But until somebody brings the Vicar a BEK body, there can be no chance of verification for this Wizard.

Also, as a disclaimer: do not send me a body, as I will report you to the police if you do. Wizards, after all, know very well which side the bread gets buttered on. That’s how we survived the Inquisition.


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  1. Coppertop

    04/16/2013 at 8:07 AM

    This article, Bethel’s report on reporternews, that Mysterious Universe article, the recent David Weatherly podcast on… whatever paranormal podcast show it was… there’s a lot of news about BEKs lately. Did something happen that I’m not aware of? Did one of them try to sell Alex Jones girl scout cookies or something?

    • Greg Newkirk

      04/16/2013 at 8:27 AM

      Strap in, because we even have a photo to post that was sent in by a reader who claims the BEKs have been bothering her friend..

      • Coppertop

        04/16/2013 at 1:43 PM


        • StunRegan

          04/24/2013 at 4:58 AM

          BLackEKS, WhiteEKs, BlueEKs, GreenEKs, NonEKs, DraculaEKs NeonEKs does exists as much ghosts, poltergeists, ETs, IntraTs, in non/all dimensions.

    • jani

      04/24/2013 at 12:50 PM

      Listen, you don’t know what you are talking about unless you study, study and research. And, if you don’t believe IN GOD, you probably don’t believe in Satan or his influence on earth either. This is a total Satanic takeover. Just because you don’t literally see the gates of hell opening and monsters flying out, does not mean these demonic beings don’t exist and aren’t trying to influence us and invade humanity. This is the plan of the evil one. Satan, the Antichrist, the False Prophet and their minions take every form possible (human, animal, etc.) Your only way out is the Lord Jesus Christ, prayer, fasting, repentance & conversion. God bless you. I hope you turn to Our Lord.

      • Darren

        04/25/2013 at 2:48 AM

        Every time I hear that I just think why does he need you to believe in him? Must be some sort of entity that feeds off human belief the christian god that is..

  2. KM

    04/16/2013 at 8:44 AM

    If I were a kid and had a malevolent sense of humor, I might be tempted to get these and scare the crap out of some people just for fun. It would be awesome until somebody didn’t find it funny.

  3. A Keller

    04/16/2013 at 10:06 AM

    Fantastic article, Vicar. Well spoken and thought provoking. BEKs are certainly an intriguing topic.

    • Vicar Lee

      04/16/2013 at 12:07 PM

      Thanks. I was going for something Ron Burgundy might call, “Compelling and rich.”

      All kidding aside, though, just researching the topic is enough to make one re-check the locks on all the doors and windows on a dark and stormy night.

  4. KM

    04/16/2013 at 12:36 PM

    Has anyone tracked down when the first account of this phenomenon was? I remember reading about it as far back as the ’90s, but I wonder if the BEK thing pre-dated the internet or not. For me, the biggest problem with taking this seriously is just how low the bar is for faking it. When the only thing you would need is for sale on the internet, who is to say that the experiencers aren’t merely being hoaxed by some malicious kids? I know when I was fifteen I’d have likely thought this would be a great prank. Why are most of the sightings kids? Could it be because kids think things like this are HILARIOUS?

    • Vicar Lee

      04/16/2013 at 12:54 PM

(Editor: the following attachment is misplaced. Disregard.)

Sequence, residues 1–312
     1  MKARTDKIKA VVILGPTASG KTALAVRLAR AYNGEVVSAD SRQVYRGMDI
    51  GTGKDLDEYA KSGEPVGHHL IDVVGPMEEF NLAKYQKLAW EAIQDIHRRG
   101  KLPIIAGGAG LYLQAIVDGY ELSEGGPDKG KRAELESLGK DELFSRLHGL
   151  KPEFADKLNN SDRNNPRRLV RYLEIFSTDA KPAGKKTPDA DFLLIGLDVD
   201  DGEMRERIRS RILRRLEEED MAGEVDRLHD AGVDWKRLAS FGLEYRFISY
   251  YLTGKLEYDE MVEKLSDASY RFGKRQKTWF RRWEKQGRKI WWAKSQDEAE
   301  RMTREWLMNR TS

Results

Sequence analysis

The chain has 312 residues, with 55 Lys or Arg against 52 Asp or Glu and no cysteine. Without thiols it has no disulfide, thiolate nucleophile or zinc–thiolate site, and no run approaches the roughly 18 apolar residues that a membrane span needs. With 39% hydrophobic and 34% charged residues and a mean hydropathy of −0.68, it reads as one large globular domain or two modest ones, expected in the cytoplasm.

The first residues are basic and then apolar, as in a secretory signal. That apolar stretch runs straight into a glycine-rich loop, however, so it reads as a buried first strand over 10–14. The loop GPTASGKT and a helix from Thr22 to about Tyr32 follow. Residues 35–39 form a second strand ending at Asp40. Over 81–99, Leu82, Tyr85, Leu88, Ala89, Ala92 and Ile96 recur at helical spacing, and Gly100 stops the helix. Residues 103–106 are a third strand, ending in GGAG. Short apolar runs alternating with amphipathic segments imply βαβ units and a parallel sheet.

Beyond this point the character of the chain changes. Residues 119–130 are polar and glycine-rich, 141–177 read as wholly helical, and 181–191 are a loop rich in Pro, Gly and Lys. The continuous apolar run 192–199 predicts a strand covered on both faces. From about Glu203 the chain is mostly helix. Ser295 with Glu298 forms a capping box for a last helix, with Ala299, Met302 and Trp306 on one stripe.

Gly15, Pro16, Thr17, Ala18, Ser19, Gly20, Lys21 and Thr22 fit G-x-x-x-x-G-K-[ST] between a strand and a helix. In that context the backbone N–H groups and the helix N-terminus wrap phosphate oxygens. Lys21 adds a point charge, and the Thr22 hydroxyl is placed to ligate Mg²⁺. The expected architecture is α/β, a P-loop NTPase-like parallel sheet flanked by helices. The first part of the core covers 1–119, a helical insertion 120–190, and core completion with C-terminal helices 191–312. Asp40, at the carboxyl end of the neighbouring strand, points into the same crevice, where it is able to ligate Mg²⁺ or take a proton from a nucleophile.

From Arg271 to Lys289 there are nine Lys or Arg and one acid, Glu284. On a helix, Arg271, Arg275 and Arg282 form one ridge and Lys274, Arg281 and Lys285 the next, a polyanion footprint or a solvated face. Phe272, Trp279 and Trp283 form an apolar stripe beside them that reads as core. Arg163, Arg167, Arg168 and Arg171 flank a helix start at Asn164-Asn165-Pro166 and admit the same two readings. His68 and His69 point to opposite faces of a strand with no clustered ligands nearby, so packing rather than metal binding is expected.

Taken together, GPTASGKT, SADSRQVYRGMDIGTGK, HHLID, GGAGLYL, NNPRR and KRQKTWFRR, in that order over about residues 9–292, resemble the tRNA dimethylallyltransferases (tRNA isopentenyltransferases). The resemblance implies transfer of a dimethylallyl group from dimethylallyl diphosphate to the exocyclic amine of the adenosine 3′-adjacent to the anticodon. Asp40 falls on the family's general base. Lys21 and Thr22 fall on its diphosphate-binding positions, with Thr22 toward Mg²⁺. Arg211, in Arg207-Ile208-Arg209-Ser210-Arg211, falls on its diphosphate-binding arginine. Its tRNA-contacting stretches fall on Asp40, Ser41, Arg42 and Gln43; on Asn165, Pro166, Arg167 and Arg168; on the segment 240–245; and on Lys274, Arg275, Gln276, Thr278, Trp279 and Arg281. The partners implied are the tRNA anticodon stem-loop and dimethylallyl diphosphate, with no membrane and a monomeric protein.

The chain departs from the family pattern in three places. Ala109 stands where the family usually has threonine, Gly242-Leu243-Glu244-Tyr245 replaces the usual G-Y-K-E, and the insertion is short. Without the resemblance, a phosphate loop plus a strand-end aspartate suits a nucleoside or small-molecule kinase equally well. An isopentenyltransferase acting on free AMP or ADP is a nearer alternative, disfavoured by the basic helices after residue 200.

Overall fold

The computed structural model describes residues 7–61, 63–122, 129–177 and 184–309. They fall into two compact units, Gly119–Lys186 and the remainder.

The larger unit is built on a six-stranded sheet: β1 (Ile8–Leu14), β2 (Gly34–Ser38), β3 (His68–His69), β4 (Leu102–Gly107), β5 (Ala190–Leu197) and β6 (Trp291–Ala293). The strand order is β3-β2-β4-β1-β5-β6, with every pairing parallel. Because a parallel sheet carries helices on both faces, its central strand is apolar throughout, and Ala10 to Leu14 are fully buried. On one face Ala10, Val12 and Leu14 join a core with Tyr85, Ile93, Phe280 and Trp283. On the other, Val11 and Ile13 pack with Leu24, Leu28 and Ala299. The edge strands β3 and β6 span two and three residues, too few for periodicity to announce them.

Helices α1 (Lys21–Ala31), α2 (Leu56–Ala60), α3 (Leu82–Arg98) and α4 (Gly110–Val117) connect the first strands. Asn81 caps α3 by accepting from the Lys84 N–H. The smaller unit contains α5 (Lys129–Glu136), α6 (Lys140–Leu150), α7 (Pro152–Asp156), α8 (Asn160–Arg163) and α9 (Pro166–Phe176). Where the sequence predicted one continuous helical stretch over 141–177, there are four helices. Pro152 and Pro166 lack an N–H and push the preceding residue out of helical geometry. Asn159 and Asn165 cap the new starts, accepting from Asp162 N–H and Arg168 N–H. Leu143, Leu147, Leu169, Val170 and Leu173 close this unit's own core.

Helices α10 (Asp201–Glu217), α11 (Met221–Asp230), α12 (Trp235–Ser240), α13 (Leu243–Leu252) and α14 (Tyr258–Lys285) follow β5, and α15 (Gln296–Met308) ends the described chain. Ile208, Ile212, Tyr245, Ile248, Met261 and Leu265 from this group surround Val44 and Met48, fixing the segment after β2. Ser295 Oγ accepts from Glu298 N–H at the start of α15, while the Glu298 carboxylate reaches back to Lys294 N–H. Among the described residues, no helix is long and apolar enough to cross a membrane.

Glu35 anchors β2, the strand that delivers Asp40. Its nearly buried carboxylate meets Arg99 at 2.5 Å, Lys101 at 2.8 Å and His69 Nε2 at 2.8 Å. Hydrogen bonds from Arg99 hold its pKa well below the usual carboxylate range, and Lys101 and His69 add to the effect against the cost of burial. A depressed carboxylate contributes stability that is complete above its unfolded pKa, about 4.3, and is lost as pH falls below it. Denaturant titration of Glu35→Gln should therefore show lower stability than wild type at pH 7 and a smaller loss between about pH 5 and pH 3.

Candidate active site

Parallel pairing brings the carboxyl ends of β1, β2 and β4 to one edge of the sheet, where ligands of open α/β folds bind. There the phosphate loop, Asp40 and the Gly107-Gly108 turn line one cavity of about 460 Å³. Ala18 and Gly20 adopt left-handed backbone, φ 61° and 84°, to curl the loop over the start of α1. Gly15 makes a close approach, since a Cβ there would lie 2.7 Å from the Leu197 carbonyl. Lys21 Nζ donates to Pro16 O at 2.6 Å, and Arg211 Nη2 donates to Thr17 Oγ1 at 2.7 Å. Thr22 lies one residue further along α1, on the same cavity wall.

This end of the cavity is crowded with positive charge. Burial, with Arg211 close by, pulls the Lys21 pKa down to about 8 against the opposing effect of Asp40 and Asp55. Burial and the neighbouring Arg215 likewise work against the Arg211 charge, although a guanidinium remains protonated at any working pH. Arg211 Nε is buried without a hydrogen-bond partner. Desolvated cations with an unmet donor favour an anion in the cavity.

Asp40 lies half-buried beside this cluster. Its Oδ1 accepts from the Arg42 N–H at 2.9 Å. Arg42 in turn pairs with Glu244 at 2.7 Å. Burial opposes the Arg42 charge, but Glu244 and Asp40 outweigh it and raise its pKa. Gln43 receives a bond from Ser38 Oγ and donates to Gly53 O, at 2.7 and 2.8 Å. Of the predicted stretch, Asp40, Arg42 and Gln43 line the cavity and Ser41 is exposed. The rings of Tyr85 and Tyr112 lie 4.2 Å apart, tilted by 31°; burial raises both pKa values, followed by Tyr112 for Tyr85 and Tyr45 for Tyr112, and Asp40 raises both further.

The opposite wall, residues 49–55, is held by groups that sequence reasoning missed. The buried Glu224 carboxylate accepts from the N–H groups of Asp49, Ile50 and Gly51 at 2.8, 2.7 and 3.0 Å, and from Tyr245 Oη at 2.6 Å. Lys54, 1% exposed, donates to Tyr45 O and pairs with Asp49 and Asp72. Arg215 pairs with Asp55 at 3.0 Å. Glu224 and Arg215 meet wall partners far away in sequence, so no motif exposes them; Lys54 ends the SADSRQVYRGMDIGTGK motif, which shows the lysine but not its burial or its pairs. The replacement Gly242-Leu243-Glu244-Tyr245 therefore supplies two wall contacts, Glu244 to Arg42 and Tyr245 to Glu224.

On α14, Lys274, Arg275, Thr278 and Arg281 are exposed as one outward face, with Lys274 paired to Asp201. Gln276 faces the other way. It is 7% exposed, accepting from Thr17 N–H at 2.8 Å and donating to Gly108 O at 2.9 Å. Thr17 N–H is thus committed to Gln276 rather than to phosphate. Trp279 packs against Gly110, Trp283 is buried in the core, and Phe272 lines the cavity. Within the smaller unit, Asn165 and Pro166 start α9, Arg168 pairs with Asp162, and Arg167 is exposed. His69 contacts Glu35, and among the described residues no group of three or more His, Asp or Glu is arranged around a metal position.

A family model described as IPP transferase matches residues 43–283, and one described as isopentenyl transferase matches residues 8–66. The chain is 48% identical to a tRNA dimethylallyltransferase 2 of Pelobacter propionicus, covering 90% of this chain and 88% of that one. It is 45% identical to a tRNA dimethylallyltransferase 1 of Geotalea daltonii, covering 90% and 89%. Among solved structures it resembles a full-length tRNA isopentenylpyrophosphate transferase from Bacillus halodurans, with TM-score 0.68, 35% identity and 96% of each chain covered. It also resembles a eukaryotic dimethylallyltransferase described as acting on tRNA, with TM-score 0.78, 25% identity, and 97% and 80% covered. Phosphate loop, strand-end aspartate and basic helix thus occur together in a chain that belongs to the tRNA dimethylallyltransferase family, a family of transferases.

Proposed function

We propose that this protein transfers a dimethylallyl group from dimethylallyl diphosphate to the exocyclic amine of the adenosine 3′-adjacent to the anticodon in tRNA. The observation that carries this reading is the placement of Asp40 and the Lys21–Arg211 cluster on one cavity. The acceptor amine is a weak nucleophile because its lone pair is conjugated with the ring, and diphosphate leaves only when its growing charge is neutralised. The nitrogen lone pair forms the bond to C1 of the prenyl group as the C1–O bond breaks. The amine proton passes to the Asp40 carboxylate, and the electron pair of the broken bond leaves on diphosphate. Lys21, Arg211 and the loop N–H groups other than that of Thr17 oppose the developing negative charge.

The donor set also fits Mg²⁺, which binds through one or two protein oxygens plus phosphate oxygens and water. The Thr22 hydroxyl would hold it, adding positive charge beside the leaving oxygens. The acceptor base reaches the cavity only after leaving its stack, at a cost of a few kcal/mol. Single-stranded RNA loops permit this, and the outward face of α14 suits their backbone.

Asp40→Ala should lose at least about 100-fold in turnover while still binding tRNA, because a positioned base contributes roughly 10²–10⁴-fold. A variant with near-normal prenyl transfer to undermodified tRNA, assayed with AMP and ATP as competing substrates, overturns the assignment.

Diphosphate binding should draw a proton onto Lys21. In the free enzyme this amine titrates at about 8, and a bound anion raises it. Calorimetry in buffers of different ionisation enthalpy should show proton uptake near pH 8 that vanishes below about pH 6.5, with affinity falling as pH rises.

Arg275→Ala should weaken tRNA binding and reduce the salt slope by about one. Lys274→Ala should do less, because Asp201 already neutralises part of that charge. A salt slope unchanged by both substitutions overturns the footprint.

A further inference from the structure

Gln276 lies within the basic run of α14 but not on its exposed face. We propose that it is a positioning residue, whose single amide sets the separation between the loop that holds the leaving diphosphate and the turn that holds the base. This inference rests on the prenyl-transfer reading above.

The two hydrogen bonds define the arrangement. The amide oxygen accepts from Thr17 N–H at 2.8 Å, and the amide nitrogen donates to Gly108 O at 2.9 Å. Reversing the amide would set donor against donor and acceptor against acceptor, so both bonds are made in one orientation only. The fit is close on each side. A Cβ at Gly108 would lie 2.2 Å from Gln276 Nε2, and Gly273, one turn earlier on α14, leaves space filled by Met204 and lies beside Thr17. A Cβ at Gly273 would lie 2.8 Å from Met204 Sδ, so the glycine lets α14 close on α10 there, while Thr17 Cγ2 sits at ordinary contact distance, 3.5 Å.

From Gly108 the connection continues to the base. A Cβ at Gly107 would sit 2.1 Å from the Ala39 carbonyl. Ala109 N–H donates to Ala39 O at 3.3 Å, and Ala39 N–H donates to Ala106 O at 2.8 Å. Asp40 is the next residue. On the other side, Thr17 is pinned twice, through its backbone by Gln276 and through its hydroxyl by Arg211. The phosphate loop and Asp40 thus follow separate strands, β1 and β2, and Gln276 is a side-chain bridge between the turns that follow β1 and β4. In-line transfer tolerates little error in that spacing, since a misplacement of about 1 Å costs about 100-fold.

The Bethel account is supposed to be the first and it dates to 1998. Some unsubstantiated claims say there are accounts from the 1980s.

      The phenomenon is entirely ripe for being exploited as a fraud. But the experiential read of witnesses – or should we say victims? – is of something distinctly inhuman, predatory, and genuinely Fortean.

      Now I’m wondering if the BEKs asking to be let in is just the way in which they feed. Perhaps you don’t have to let them in – they get enough fear off of you just by making the request.

      Or maybe this is all the work of sadistic 12-year-olds with sclera lenses… who need to stop before they mess with the wrong person and get killed.

      • KM

        04/16/2013 at 1:29 PM

        Interesting. I thought I had read about it by ’97 and I’m going to say the first time I saw it mention was on Jeff Rense’s site. For what ever that’s worth. It seems strange that if these are some paranormal manifestation that they just cropped up in the 90s. But you make a point about the knowledge of their existence being the point of the encounters, which makes the information age fertile for weirdness. I’ve seen/experienced enough weird stuff that I’m not calling anyone a liar or anything.

        And yes, people have said that the encounters are freaky in a non-human way, but then encountering a group of Marilyn Manson fans wearing those contacts on a dark and stormy night might have that effect. Particularly as the witnesses are usually alone.

        You’re not kidding when you say anyone doing this is putting him or her self in grave danger. But when did kids ever do stupid things without thinking about consequences, right?

  5. Stormeye

    04/17/2013 at 8:22 AM

    Well said, Vicar.

    I tend to be a bit less skeptical about the BEK than some due to the almost universal terror that these beings inspire. If you’ve read Gavin De Becker’s excellent book “The Gift of Fear”, I think there is good evidence to support the idea that humans recognize a real threat even without recourse to more arcane forms of perception. A child with sclera lenses might startle someone and might even make them feel skittish and more than willing to close the door but I don’t feel that it would awaken the kind of blinding fear that we see in at least some of the BEK cases.